This was all pretty straightforward to wire up and implement in Python – the existing smbus library makes I2C a doddle. The only awkward part was that my original IR sender board connector masked the I2C pins on the Pi, so I had to construct a further breakout board to sit between the connector on the PiTFT and the original sender board.

Phase 4: Putting It Together


The next main phase of work was to get all these pieces to work together in a form that could actually be used as a remote. This would require a case for the Pi and PiTFT which would also allow me to attach the keypad and IR sending circuits.

I had previously bought a Pibow case for a Model B. These cases are made from horizontal layers of laser cut acrylic screwed together. I realised that I could create an extended replacement base layer to which my other parts could be fitted.

To test this out, I tried using this case with the screen and IR sender circuit – but it wouldn’t fit together without having to add a very tall spacer between the screen and the Pi. That set-up wasn’t stable enough to allow the screen to be touched and proved too bulky to be practical. So instead I switched to using a model B+ Pi in a Pibow Coupe case. This allowed all the parts to fit, and though quite hefty was not too bulky for use.

Switching to the B+ highlighted some issues with RPIO. I found that the mapping of GPIO identifiers to expansion port pins wasn’t working right; it turned out that some of the functions used the wrong identifier (pin vs GPIO or vice versa) and one of the internal pin numbers was incorrect for revision 2 Pis (and the B+). I fixed these in the dc-dev branch of the RPIO fork in my Github.

Next up was a power supply! Adafruit provide some straightforward LiPo battery driven power boosters/chargers; I tracked down a supplier and purchased a PowerBoost 500C and a 2500mAh LiPo battery. It charged up fine (though that took a good 7+ hours) and ran the PiMony continuously for about 6 hours in testing – which should be fine for further development purposes. The only problem was that though power could be supplied to the PiMony while charging, it wasn’t enough for it to run properly.

The solution was to create a load sharing circuit that would switch off the PowerBoost output when a USB power supply was connected and instead allow it to supply current direct to the PiMony as well as the battery charger. This wasn’t hard to build, but the only components I could obtain were rather over-specified for the task and consequently added some unwanted bulk.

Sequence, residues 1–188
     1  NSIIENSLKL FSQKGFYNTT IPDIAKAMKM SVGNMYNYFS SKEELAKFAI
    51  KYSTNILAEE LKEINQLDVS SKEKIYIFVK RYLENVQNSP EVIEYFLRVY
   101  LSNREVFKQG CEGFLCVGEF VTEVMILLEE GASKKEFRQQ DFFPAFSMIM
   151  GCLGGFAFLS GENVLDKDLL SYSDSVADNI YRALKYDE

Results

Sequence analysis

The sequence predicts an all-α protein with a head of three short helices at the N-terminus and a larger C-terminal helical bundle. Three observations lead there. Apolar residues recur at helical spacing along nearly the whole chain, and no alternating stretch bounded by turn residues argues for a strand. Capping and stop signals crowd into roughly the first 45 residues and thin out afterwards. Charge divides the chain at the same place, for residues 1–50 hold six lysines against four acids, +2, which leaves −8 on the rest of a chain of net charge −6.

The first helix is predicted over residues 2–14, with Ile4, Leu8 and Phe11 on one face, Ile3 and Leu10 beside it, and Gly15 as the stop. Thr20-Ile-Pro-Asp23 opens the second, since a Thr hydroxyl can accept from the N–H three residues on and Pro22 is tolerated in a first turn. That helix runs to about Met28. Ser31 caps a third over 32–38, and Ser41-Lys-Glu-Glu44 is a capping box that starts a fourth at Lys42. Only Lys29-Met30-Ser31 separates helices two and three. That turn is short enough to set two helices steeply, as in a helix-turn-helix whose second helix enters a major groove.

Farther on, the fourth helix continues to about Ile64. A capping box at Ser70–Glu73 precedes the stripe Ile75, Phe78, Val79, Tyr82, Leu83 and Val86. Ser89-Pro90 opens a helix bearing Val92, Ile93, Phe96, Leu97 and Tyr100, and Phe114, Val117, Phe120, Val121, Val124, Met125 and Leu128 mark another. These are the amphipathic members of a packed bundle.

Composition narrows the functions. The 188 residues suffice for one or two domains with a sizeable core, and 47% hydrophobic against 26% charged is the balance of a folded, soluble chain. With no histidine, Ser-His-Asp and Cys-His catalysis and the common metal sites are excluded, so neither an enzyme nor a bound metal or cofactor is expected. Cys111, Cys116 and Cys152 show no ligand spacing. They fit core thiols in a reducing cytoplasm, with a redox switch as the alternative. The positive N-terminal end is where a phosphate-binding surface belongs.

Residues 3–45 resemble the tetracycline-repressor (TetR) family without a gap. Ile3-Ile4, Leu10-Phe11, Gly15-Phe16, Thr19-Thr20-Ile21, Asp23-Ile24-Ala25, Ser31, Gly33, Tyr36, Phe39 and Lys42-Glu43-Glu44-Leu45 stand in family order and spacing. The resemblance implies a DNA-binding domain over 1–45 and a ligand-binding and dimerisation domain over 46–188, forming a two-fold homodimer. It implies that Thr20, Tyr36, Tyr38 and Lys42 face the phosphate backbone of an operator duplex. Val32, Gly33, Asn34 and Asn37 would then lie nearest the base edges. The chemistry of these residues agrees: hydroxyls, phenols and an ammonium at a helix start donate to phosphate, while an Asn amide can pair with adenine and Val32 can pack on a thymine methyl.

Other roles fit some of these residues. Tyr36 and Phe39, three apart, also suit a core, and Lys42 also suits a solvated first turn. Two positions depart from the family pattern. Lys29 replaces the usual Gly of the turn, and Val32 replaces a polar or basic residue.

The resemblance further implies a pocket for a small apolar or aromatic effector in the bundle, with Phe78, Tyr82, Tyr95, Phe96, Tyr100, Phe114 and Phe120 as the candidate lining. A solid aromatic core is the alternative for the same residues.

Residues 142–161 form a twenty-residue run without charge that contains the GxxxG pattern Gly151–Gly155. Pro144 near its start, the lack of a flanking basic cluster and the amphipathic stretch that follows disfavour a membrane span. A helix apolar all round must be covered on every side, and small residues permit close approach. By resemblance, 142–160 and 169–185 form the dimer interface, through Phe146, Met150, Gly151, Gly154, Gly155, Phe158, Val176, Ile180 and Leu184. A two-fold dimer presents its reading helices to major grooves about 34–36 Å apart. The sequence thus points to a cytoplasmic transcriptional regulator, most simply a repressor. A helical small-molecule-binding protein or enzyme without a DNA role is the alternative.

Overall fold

Creating the extended base plate meant measuring up the existing base plate carefully with digital calipers, and reproducing it as a vector image in Inkscape. Extending the base to fit my custom circuit and power supply was straightforward, with careful measurements taken to position screw holes for the supports. I also allowed some extra space between the edge of the Pi and the top of the keypad so I could get access to the network and USB ports on the Pi. I sent this file off to Razorlab for some trial cuts in cardboard; after testing and tweaking those, they made a final acrylic cut for me. It all fitted together beautifully.

So now I have a usable if somewhat bulky prototype that works fine at controlling my TV and surround sound system!

What’s Next?

There’s plenty in the pipeline for this project!

The software side needs further development to make the remote actually ‘smart’ – so it can handle different combinations of devices for different activities (e.g. just watching TV as opposed to watching a movie on Blu-ray), and track which devices are on at any given time. The remote configuration is currently data ‘baked in’ to the Python code; this should be moved into data files, and a GUI tool created to allow easy editing.

The IR sending circuitry should be rebuilt using a microcontroller as mentioned above, to avoid the interference between the touch screen and the current GPIO IR driver.


Freescale FRDM-KL26Z board

The next iteration of the hardware should be smaller and sleeker, and run for longer on a single battery charge. I’m thinking of replacing the Pi with an ARM microcontroller board like the FRDM-KL26Z. It is much lower profile than the Pi and less power hungry but should be able to handle the required behaviour. It may even be able to do IR sending, or that could still be done by an external device.


FRDM-KL26Z alongside a Model B+ Pi

The software would need to be reimplemented in C/C++, and the big advantage would be complete control – no Linux overhead!

I could also reuse the keypad matrix as I2C is available on this type of device, and the battery based power supply and load sharing could also be reused.

Speaking of load sharing… that part of the circuit should also be improved by trying to find a solution that’s smaller!

And some sort of low battery detection and indicator would be a good idea! There’s an unconnected white wire you may have spotted – this is the low battery output from the PowerBoost board, which can be directly connected to a GPIO and read in software. Unfortunately when connected it turns on the low battery LED on the PowerBoost regardless, which isn’t helpful!

(c) 2015 Nicholas Tuckett.